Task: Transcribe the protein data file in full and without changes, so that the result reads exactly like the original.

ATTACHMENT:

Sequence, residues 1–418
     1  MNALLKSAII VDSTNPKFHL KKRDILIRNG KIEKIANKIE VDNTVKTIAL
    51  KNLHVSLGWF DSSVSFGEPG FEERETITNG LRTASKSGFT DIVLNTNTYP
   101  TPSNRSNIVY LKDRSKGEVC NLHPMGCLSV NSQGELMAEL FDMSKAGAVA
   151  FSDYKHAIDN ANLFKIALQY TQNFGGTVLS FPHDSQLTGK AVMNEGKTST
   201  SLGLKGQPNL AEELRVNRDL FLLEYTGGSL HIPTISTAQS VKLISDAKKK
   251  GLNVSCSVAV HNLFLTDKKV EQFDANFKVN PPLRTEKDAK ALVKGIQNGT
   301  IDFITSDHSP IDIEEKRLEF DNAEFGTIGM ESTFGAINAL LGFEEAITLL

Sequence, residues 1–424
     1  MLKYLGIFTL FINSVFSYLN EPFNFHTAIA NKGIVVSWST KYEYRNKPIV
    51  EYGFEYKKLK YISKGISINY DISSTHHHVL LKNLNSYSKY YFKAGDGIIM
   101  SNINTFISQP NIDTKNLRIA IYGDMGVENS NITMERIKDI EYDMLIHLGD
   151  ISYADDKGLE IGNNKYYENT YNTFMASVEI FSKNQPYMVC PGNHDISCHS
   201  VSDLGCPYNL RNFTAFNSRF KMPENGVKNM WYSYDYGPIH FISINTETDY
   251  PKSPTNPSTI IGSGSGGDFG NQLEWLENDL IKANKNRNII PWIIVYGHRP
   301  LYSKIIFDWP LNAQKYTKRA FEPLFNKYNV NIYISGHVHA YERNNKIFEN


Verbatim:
Sequence, residues 1–418
     1  MNALLKSAII VDSTNPKFHL KKRDILIRNG KIEKIANKIE VDNTVKTIAL
    51  KNLHVSLGWF DSSVSFGEPG FEERETITNG LRTASKSGFT DIVLNTNTYP
   101  TPSNRSNIVY LKDRSKGEVC NLHPMGCLSV NSQGELMAEL FDMSKAGAVA
   151  FSDYKHAIDN ANLFKIALQY TQNFGGTVLS FPHDSQLTGK AVMNEGKTST
   201  SLGLKGQPNL AEELRVNRDL FLLEYTGGSL HIPTISTAQS VKLISDAKKK
   251  GLNVSCSVAV HNLFLTDKKV EQFDANFKVN PPLRTEKDAK ALVKGIQNGT
   301  IDFITSDHSP IDIEEKRLEF DNAEFGTIGM ESTFGAINAL LGFEEAITLL

Sequence, residues 1–424
     1  MLKYLGIFTL FINSVFSYLN EPFNFHTAIA NKGIVVSWST KYEYRNKPIV
    51  EYGFEYKKLK YISKGISINY DISSTHHHVL LKNLNSYSKY YFKAGDGIIM
   101  SNINTFISQP NIDTKNLRIA IYGDMGVENS NITMERIKDI EYDMLIHLGD
   151  ISYADDKGLE IGNNKYYENT YNTFMASVEI FSKNQPYMVC PGNHDISCHS
   201  VSDLGCPYNL RNFTAFNSRF KMPENGVKNM WYSYDYGPIH FISINTETDY
   251  PKSPTNPSTI IGSGSGGDFG NQLEWLENDL IKANKNRNII PWIIVYGHRP
   301  LYSKIIFDWP LNAQKYTKRA FEPLFNKYNV NIYISGHVHA YERNNKIFEN